ISTANBUL (Reuters) - Turkey’s top judicial body has suspended four prosecutors who initiated a corruption investigation that targeted the inner circle of President Tayyip Erdogan, Dogan news agency reported on Tuesday.
The probe, which became public with raids on Dec. 17 last year, led to the resignation of three ministers and prompted Erdogan to purge the state apparatus, reassigning thousands of police and hundreds of judges and prosecutors.
Zekeriya Oz, Istanbul’s former deputy chief prosecutor, and three other prosecutors who worked on the corruption probe were taken off the case weeks after the police raids in which dozens were detained, including the children of former ministers.
New prosecutors were assigned following their removal and dropped the charges in October.
Erdogan portrayed the corruption scandal, which posed one of the biggest challenges to his more than decade-long leadership, as a coup attempt orchestrated by his former ally, U.S.-based cleric Fethullah Gulen, to undermine his rule.
In July, the High Council of Judges and Prosecutors (HSYK) launched an investigation into the work of the four prosecutors facing accusations including making political comments on Twitter and detaining suspects without concrete information.
They will remain suspended until the investigation is completed, Dogan said on Tuesday.
“This is not a legal decision, it’s a political decision. The reason for this decision is that we stood by the law in the face of politicians. The HSYK didn’t even ask to hear my defense. There has been no such example in the history of the board,” Oz tweeted.
“The decision is a clear blow to the judiciary’s independence, a rehearsal for the transition to a political judiciary. I will appeal the decision,” Oz said.
Separately, a journalist was detained by the police over comments made on Twitter regarding the corruption scandal in which she gave a prosecutor’s name and picture, local media reported. Police carried out a search in her home.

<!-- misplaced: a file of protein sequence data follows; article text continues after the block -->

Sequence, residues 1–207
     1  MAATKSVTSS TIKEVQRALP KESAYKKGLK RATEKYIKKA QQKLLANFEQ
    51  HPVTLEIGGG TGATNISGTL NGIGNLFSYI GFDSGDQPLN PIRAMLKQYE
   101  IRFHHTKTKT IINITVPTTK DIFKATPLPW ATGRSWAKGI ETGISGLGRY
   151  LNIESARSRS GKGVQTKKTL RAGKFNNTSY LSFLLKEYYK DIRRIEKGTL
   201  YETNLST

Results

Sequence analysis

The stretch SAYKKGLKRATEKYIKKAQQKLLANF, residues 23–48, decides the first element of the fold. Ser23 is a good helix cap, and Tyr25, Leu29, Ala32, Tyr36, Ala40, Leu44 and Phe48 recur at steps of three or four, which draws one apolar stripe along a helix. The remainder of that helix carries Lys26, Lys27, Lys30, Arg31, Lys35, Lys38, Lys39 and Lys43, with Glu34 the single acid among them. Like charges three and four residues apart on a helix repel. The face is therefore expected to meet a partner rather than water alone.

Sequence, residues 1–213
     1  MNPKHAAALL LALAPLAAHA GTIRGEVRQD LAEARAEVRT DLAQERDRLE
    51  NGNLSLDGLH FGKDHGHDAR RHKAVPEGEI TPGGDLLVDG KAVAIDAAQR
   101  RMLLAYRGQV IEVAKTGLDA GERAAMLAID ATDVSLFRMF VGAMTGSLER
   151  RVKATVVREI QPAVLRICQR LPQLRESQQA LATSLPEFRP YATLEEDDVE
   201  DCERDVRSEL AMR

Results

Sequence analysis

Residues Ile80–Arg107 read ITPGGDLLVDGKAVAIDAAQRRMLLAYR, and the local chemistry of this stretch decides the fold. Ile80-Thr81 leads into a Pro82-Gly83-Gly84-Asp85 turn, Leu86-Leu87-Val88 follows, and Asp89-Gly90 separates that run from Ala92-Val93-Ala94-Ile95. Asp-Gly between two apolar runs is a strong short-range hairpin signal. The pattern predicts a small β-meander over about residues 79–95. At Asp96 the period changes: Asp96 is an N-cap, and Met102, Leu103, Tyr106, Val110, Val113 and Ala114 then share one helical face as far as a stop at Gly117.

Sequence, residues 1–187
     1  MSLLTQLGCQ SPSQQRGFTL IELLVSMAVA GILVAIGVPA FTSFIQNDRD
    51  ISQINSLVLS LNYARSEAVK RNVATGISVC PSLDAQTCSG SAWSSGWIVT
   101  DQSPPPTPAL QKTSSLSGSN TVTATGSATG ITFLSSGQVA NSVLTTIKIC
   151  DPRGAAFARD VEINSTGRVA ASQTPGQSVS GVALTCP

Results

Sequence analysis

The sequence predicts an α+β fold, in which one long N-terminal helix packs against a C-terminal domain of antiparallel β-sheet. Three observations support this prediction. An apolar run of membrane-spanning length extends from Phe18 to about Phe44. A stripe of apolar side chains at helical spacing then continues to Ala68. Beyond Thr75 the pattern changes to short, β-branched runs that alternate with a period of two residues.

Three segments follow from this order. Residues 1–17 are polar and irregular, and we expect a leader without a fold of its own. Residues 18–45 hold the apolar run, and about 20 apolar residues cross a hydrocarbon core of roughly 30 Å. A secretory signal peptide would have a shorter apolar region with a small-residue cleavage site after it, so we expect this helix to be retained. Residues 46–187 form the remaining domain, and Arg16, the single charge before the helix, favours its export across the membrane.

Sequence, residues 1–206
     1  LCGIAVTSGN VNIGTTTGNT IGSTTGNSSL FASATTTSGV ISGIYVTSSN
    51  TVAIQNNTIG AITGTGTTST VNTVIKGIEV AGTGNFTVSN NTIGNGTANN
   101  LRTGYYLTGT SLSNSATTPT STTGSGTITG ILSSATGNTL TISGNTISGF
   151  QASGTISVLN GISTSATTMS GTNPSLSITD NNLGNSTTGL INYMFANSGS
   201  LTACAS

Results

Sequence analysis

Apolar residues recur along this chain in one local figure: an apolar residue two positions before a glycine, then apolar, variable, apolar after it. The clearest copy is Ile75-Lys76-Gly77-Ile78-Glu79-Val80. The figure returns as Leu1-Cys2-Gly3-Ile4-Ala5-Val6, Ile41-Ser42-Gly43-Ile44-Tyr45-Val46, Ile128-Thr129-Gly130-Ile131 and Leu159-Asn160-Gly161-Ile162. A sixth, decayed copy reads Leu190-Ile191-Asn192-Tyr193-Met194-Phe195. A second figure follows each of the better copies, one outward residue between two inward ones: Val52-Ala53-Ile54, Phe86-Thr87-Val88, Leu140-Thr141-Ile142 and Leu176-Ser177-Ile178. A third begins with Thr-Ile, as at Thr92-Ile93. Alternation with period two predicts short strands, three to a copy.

Her tweets were no longer public and could not be verified.
Kabas was released several hours later after being questioned by the court. Kabas’ lawyer said she told the court that she had no intention of making graft inquiry prosecutors a target, Dogan news agency reported.
But her arrest raised concerns among Erdogan’s opponents who accuse him of growing increasingly authoritarian. The Turkish leader’s reaction to the graft inquiry -- tightening control of the Internet, banning Twitter for two weeks and carrying out a purge in the bureaucracy -- has drawn international criticism.
He has also pushed for new legislation which has brought HSYK, the body responsible for appointments, transfers, expulsions and promotions of the country’s top judicial figures, under the control of the justice minister.
The council had been seen by Erdogan and his supporters, as a body where Gulen devotees wielded influence over the judicial process. In an October election, government-backed candidates won most seats in HSYK.
Reporting by Humeyra Pamuk and Ece Toksabay; Additional reporting by Gulsen Solaker; Editing by Dasha Afanasieva and Ralph Boulton
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